A French court investigating the 2004 death of late Palestinian leader Yasser Arafat has decided to exhume his remains on Nov. 26 to further examine suspicions that he may have been poisoned, reported the Associated Press.
Arafat’s cause of death was initially attributed to a stroke, but the mystery illness he had been suffering from in the last weeks of his life has been a lingering source of speculation, and conspiracy theories.
Two separate investigation teams, led by French scientists working on behalf of Arafat’s widow, Suha Arafat, and Swiss scientists representing the Palestinian Authority, will collect samples from the limestone sepulchre inside of the mausoleum in Ramallah where Arafat is buried. Both teams are reported to have "misgivings about the other's investigation," according to the AP.
A Western official familiar with the situation said that Swiss investigators arrived at Arafat’s grave on Monday, and spent an hour inspecting the site. Tawfik Tirawi, security advisor to President Mahmoud Abbas and head of the Palestinian investigation team, said the trip on Monday was intended “to check the place” before the official exhumation. The Swiss team is scheduled to return on Nov. 26, and will have only one chance to collect samples of Arafat’s remains from the grave-site.
Tirawi previously told the Guardian that the event would not be recorded by cameras. “Due to the particular situation, there will probably be no media coverage. It's very difficult to allow journalists to be around because of all the difficulties of the operation," said Tirawi.
In July, a team of Swiss scientists in Lausanne discovered trace elements of the poisonous chemical Polonium-210 on clothing Arafat allegedly wore before his death.
"We measured an unexplained, elevated amount of unsupported polonium-210 in the belongings of Mr. Arafat that contained stains of biological fluids," said François Bochud, director of the Institute of Radiation Physics in Lausanne. Bochud added that the findings alone did not prove Arafat was poisoned, but necessitated further tests including an exhumation of his corpse.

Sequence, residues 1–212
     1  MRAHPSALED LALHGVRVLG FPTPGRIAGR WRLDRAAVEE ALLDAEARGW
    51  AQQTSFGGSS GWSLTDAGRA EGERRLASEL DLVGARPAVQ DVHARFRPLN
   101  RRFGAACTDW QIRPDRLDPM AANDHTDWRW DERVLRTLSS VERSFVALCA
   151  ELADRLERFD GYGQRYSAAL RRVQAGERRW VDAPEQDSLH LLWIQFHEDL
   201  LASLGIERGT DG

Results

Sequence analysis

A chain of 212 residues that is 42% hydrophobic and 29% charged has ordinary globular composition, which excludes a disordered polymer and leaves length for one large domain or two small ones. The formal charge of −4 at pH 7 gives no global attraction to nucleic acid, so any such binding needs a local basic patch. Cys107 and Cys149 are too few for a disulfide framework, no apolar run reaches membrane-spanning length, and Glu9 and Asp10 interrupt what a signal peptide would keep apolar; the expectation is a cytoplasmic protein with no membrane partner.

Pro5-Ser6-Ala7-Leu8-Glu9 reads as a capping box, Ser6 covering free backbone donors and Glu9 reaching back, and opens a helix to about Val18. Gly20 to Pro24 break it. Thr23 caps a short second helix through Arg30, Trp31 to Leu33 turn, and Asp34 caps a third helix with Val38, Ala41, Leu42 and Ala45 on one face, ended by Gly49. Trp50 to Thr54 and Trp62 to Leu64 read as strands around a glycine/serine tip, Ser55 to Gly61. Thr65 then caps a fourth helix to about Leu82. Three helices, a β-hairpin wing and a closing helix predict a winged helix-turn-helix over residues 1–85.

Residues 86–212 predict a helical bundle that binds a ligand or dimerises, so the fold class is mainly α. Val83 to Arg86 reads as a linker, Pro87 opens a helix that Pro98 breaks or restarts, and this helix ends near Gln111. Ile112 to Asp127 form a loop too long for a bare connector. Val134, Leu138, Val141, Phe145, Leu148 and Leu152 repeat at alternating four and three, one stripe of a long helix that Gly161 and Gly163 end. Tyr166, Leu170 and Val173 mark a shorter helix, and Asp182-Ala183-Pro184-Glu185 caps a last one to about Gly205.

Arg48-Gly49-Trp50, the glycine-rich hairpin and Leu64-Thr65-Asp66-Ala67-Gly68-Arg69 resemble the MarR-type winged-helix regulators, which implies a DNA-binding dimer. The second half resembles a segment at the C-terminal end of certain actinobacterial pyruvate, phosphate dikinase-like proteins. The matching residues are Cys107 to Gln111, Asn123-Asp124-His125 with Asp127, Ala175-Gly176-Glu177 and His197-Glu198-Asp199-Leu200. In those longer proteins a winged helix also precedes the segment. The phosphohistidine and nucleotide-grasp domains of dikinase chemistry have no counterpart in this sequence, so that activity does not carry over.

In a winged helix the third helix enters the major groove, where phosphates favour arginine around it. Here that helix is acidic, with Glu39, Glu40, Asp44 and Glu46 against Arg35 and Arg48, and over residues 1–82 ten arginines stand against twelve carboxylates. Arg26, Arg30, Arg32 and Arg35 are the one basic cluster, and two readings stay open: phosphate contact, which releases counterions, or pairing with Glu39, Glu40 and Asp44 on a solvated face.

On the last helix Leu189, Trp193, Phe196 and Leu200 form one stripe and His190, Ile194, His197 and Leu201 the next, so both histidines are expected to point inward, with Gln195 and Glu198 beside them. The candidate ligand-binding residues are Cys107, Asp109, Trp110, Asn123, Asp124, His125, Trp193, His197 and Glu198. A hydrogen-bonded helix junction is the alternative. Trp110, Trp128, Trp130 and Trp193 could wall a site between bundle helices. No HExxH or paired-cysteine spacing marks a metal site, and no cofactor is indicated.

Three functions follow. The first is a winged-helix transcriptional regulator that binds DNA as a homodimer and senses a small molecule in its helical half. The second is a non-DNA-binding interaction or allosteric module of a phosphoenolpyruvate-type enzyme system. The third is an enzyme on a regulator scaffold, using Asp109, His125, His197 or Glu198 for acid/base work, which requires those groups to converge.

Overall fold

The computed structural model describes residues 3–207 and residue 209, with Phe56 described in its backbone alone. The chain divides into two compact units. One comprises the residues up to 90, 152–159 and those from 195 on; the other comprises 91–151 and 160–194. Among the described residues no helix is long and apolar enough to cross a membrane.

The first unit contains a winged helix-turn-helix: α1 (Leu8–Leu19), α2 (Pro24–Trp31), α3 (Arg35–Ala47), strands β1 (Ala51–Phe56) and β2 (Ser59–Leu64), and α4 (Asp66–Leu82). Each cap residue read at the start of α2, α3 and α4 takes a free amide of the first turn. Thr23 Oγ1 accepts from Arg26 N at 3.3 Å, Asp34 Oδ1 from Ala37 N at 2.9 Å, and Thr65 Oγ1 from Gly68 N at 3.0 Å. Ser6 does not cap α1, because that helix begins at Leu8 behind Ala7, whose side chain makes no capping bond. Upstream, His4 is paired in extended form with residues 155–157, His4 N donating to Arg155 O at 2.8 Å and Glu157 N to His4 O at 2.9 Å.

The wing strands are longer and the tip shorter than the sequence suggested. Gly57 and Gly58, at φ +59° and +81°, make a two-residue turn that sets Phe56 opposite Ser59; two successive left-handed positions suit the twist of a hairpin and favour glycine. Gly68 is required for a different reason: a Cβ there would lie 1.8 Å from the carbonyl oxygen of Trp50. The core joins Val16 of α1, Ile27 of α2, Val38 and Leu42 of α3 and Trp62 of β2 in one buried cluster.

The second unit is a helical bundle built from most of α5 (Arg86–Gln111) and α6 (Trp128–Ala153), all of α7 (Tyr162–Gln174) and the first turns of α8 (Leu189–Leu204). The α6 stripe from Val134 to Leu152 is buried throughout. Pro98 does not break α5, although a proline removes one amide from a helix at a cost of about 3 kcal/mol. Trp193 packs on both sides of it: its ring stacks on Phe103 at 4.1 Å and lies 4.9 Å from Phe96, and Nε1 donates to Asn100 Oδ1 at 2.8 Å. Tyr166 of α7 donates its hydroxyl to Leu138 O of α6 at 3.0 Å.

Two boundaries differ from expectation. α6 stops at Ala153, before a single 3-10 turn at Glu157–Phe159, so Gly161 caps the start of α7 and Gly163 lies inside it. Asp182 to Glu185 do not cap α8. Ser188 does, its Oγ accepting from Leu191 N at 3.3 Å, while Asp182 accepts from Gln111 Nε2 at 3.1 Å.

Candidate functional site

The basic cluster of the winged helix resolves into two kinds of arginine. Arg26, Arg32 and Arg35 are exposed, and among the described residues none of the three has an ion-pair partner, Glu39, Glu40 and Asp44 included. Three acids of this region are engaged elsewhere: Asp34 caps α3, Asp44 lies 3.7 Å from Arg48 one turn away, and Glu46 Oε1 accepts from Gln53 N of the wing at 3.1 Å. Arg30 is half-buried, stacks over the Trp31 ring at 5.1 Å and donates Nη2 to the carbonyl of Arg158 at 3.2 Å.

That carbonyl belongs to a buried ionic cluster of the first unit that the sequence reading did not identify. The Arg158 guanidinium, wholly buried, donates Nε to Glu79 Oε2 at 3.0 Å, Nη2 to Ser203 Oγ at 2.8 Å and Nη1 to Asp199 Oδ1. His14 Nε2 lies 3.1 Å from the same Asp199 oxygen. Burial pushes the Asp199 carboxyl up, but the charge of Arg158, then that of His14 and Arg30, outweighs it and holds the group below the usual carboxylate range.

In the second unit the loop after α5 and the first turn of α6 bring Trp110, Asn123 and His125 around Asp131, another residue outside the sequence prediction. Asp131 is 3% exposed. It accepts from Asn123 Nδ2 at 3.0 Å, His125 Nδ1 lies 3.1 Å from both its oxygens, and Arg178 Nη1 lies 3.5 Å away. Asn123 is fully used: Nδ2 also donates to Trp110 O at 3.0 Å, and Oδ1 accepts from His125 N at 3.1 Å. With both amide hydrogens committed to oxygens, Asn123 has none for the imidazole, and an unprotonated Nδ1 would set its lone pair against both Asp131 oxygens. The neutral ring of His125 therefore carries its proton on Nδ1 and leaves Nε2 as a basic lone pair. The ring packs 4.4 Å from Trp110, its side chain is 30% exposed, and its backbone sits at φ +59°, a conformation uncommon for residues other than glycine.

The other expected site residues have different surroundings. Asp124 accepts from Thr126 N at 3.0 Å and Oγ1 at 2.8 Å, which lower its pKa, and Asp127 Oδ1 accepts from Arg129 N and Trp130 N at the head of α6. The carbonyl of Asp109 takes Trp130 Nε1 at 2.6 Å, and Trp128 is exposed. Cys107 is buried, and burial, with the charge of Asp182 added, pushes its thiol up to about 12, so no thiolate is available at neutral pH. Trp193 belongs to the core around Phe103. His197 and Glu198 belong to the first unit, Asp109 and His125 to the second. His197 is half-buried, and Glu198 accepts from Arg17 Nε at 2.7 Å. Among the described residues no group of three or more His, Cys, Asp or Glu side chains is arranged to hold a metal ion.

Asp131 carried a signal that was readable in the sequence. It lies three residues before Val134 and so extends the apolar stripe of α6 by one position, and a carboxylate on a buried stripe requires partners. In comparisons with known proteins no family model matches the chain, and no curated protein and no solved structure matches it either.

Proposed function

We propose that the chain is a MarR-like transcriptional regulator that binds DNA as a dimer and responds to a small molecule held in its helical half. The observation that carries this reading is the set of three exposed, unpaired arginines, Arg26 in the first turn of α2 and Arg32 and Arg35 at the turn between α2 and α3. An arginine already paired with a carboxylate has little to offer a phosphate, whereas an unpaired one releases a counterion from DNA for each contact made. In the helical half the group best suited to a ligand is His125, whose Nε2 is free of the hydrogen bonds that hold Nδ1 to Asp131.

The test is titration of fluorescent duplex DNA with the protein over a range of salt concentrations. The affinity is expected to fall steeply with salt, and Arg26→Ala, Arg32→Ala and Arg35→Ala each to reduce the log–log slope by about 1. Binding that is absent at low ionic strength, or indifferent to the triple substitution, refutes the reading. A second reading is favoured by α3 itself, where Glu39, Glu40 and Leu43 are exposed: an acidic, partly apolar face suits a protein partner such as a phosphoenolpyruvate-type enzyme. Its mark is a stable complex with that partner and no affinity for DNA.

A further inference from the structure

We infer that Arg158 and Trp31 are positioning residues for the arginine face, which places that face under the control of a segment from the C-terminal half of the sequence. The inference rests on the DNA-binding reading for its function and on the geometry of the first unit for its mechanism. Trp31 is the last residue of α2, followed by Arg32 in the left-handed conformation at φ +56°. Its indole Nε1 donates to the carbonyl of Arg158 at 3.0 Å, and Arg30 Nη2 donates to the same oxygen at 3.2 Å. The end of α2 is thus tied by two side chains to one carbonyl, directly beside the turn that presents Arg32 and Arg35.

"We have to do it quite fast because polonium is decaying, so if we wait for too long, any possible proof will disappear," Bochud told al-Jazeera.
Polonium, an extremely rare radioactive isotope, first appeared in headlines in 2006 when it was linked to the sudden death of Alexander Litvinenko, a 43-year-old former KGB agent who had become an outspoken critic of the Russian government.
On his deathbed, Litvinenko blamed his illness on Russian president Vladimir Putin. Investigators eventually found that Litvinenko had been served the deadly toxin in tea, at a London Hotel, but never concluded who was responsible for placing it there.
Asked about the Polonium levels found in Litvinenko’s body, Philip Walker, a professor of nuclear and radiation physics at the University of Surrey, told the BBC, "This seems to have been a substance carefully chosen for its ability to be hard to detect in a person who has ingested it."
Among the unproven conspiracy theories surrounding Arafat’s death were claims that he was suffering from cancer or AIDS, along with the theory that he was poisoned. Many Arabs believe that the Israeli government assassinated Arafat. Israel has adamantly denied those charges. However, Israel recently acknowledged killing Arafat’s deputy, Abu Jihad – born Khalil al-Wazir – during a raid in Tunisia in 1988, by allowing military censors to publish the information.
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